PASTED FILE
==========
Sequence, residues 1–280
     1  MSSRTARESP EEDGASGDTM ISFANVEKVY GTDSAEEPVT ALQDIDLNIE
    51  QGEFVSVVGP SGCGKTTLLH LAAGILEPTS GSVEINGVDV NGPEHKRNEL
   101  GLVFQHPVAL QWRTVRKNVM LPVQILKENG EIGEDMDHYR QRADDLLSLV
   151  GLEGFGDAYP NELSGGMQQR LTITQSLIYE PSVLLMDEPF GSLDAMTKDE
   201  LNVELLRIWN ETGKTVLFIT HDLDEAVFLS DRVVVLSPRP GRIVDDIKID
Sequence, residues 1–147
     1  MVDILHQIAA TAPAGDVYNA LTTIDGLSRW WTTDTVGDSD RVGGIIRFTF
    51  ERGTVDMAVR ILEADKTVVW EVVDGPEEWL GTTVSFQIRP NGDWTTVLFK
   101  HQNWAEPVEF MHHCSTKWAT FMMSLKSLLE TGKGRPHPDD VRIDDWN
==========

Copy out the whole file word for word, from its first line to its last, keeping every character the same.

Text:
Sequence, residues 1–280
     1  MSSRTARESP EEDGASGDTM ISFANVEKVY GTDSAEEPVT ALQDIDLNIE
    51  QGEFVSVVGP SGCGKTTLLH LAAGILEPTS GSVEINGVDV NGPEHKRNEL
   101  GLVFQHPVAL QWRTVRKNVM LPVQILKENG EIGEDMDHYR QRADDLLSLV
   151  GLEGFGDAYP NELSGGMQQR LTITQSLIYE PSVLLMDEPF GSLDAMTKDE
   201  LNVELLRIWN ETGKTVLFIT HDLDEAVFLS DRVVVLSPRP GRIVDDIKID
Sequence, residues 1–147
     1  MVDILHQIAA TAPAGDVYNA LTTIDGLSRW WTTDTVGDSD RVGGIIRFTF
    51  ERGTVDMAVR ILEADKTVVW EVVDGPEEWL GTTVSFQIRP NGDWTTVLFK
   101  HQNWAEPVEF MHHCSTKWAT FMMSLKSLLE TGKGRPHPDD VRIDDWN